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6 Steps for Building Your Personal Brand
She’s a career strategist, award-winning author and president of her own firm, Career Coaching 360. She’s also a woman who’s been laid off from several jobs she loved, and learned how to bounce back and re-create herself, in fields as varied as television, professional sports and finance. Sherri Thomas, author of “5 Steps to a Powerful Personal Brand,” has been there, done that, and lived to tell the tale of how she established and maintains a powerful, personal brand.
“We all have different comfort zones when it comes to our career; and not every career-building strategy will be within your personal comfort zone,” says Thomas, who shared some of her unique strategies during a powerful webinar on personal branding, as part of the free career webinar series sponsored by Bentley University’s Alumni Career Services.
Learn how to build a personal brand and get your career moving #preparedu @SherriThomas #career tipsTWEET THIS
Thomas’s early career path was hardly unique. She was a good worker who followed the rules, took orders and did what she was instructed. “If I was told to run a project or do a specific task, I did it. My approach at that time was very reactive, and then I realized that being reactive wasn’t working.”
Thomas went from reactive to proactive, when she was unexpectedly laid off from work. Reeling from the experience and trying to determine next steps, she grabbed a piece of a paper and wrote down the words, ‘Mission Statement: I Am Driving My Own Career.’ “I didn’t even know what it meant,” she says.
Not realizing her layoff would mark the beginning of her own, personal brand-building journey, Thomas’s experiences since that time have led her to help others drive their own careers and build powerful, personal brands.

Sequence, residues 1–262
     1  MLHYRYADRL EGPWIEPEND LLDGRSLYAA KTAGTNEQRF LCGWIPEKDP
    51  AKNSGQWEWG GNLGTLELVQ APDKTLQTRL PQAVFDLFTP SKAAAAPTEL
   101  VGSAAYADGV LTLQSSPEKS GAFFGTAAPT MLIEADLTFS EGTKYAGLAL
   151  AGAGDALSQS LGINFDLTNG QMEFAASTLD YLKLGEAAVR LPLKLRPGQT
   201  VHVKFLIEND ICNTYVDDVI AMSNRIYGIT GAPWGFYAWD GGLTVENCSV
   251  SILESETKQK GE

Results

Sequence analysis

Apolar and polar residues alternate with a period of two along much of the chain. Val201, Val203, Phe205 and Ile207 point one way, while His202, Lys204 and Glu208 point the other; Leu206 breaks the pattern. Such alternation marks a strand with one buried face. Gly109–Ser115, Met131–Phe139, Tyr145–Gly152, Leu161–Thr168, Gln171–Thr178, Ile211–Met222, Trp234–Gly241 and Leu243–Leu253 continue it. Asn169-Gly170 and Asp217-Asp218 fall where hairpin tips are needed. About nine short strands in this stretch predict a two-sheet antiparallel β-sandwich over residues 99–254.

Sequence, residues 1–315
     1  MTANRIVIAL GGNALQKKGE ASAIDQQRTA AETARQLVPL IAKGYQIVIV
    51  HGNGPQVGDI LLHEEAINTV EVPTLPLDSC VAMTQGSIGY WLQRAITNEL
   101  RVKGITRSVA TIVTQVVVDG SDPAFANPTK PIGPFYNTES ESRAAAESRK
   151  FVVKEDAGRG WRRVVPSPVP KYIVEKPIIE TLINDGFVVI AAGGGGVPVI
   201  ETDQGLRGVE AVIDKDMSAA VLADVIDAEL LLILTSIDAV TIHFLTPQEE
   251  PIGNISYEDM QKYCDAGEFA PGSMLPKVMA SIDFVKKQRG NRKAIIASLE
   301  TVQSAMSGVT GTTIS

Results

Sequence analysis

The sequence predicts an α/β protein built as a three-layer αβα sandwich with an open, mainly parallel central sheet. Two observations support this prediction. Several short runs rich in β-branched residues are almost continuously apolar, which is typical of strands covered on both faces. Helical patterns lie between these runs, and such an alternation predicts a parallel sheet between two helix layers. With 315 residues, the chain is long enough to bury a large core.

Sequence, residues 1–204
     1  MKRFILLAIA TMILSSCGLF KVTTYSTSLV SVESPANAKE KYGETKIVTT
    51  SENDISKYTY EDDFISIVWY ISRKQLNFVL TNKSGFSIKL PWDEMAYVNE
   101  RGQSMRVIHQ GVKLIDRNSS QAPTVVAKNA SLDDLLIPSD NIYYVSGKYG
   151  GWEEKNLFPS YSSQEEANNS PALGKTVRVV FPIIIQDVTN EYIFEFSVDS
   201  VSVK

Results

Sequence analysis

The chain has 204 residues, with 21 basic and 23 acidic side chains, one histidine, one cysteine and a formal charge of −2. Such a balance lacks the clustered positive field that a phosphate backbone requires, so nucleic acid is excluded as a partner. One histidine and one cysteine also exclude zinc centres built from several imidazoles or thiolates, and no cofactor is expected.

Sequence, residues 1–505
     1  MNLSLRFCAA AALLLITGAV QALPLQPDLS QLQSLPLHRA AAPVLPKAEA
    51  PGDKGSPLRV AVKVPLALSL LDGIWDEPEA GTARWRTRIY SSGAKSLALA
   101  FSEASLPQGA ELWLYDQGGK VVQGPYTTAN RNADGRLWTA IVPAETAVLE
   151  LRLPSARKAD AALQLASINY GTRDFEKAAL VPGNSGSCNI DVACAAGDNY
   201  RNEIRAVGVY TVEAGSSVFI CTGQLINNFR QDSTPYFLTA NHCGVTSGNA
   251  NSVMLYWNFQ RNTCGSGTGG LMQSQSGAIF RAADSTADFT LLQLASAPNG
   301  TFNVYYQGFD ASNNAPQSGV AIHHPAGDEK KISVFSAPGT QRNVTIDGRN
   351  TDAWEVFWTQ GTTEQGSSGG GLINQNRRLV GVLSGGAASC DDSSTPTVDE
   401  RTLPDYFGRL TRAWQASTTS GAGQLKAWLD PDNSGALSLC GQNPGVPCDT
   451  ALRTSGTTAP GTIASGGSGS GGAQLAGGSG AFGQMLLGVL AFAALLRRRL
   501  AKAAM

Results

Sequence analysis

Follow these tips and show the world what you can do—and what you stand for:
- Don’t Leave Your Career in Someone Else’s Hands
Calling this the biggest professional mistake she ever made, Thomas urges young professionals to put themselves in the driver’s seat of their own career and personal brand. Whether you’re in your first job, or one you hope will be your life-long career, never underestimate your power and ability to represent yourself uniquely and dynamically.
- Do What You Love
You can’t build a brand if you’re not engaged in work you enjoy or find meaningful. First, determine if you’re working for the right company. Then, decide if you’re in the right position there.
“If you give a company 8, 10 or 12 hours a day of your time, it should bring you joy and satisfaction. If not, find a place that does,” she urges.
Use these 3 Secrets for Finding a Career You Love.
- Create Street Cred
Thomas suggests determining what you want people to think of, when they think of you. Do you wish to be known as the IT go-to, the company’s key problem-solver, the high stakes risk-taker or financial rainmaker?
Determine the assets you want your personal brand to be built around, such as saving costs or being innovative. The attributes and skills people associate with you are powerful elements of your personal brand story.